Suneel Dhand is an internal medicine physician and author of Thomas Jefferson: Lessons from a Secret Buddha and High Percentage Wellness Steps: Natural, Proven, Everyday Steps to Improve Your Health & Well-being.  He blogs at his self-titled site, Suneel Dhand.

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  • DeceasedMD

    the difference between wegmans and apple and HC is who teh customer is. In HC kind of like FB with the user of services as the object not the customer. All depends who is really paying the big bucks for the services.

  • buzzkillerjsmith

    Dr. D. has drunk the Koolaid. Non-physician admins having any power whatsoever over docs is completely illegitimate and I for one will never be convinced otherwise. They should be working for us.

    Next case.

    • rbthe4th2

      Considering some of the egos’ I’ve seen, I have cause to doubt this. Other professions do have competant admins, and health care could be that way also. Doctors are not special, and that mentality is one of the reasons we have us vs. them with patients and HCP’s.

      • buzzkillerjsmith

        Please see the response above.

        • rbthe4th2

          and the response above is why a good number of people are starting to distrust doctors more and more each day. A graduate degree is all docs have and there is no excuse they don’t submit like everyone else.

          In the end that is ALL docs have: a graduate degree from college and training. No more or no less than any other profession has.

          • buzzkillerjsmith

            I guess I know where you stand on this.

          • rbthe4th2

            Logic and facts. The world is changing, for good and/or for bad. Medicine and its culture has to adapt to that. We’ve learned that many of us can read medical information and understand it. Just because doctors had power in the past, doesn’t mean they’ll get it in the future. They will have to adapt to the new world view.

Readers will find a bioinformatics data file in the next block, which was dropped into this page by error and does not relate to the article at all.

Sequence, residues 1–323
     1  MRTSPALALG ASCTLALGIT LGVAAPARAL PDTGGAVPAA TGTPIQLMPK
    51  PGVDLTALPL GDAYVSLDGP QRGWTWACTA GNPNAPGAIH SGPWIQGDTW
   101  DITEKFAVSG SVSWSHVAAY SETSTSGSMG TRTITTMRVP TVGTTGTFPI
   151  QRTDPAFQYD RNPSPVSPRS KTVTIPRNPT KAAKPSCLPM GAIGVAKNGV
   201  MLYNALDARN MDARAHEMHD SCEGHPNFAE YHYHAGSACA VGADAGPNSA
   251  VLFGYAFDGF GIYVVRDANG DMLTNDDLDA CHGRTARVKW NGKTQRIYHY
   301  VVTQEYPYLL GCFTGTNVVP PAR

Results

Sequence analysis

• Joe

      I have to disagree with you here. I’ve worked with good and bad of both types and painting non-physician admins as “completely illegitimate” is using way too broad a brush. I’ve found far, far too many physicians who know absolutely nothing about business operations being entrusted with the keys to the kingdom. Dirty Harry’s famous quote of “A man’s got to know his limitations” applies here. Non-physician admins do fine when they understand theirs. My experience is that many of them do so and are open to education from the physician side. Granted, I have worked primarily in smaller community hospitals, so my sample size might be biased a bit.

      • buzzkillerjsmith

        Therefore docs should hire admins to run the business side and the admins should tell the docs when they are running it into the ground.

        Thanks for agreeing with me.

        • rbthe4th2

          It was insurance admins who took my questions to my doctor to ask what his medical reasons based in research for denying me surgery was. Because they controlled the purse strings, I got surgery because the doc could blow me off but he couldn’t blow them off.

          Sorry, when it comes to patients not getting care, admins can be supportive.

          • buzzkillerjsmith


        • Joe

          And when the docs refuse to listen to the admins when they explain how and why the physicians are running it into the ground? This is about good management. Nothing about being a physician guarantees that a person has good managerial skills. It’s often quite the contrary.

          • buzzkillerjsmith

            You and I might be talking about different things. It is fine for non-docs to run hospitals. I’m talking about running medical groups. The docs should hire the admins. The admins should have good admin skills but should not supervise the docs. That leads to gross perversions of incentives.

            If the docs don’t listen to competent money guys, then they are idiots and deserve to go out of business. As is their right.

            One caveat, though, is that market manipulation has eroded the medical group business model. Not a fair playing field at all.

            I have also stated many times at this blog and elsewhere that MDs should not work for hospitals. I’m not going to take the time to go over all the mis-incentives.

          • Joe

            Yes, and I apologize for misreading you. My experience with administrators is strictly hospital-based. I concede that I have never worked with anything like a medical group and have no clue as to many of the dynamics there. From the outside looking in, there always seems to be a lot of internal and external bad blood.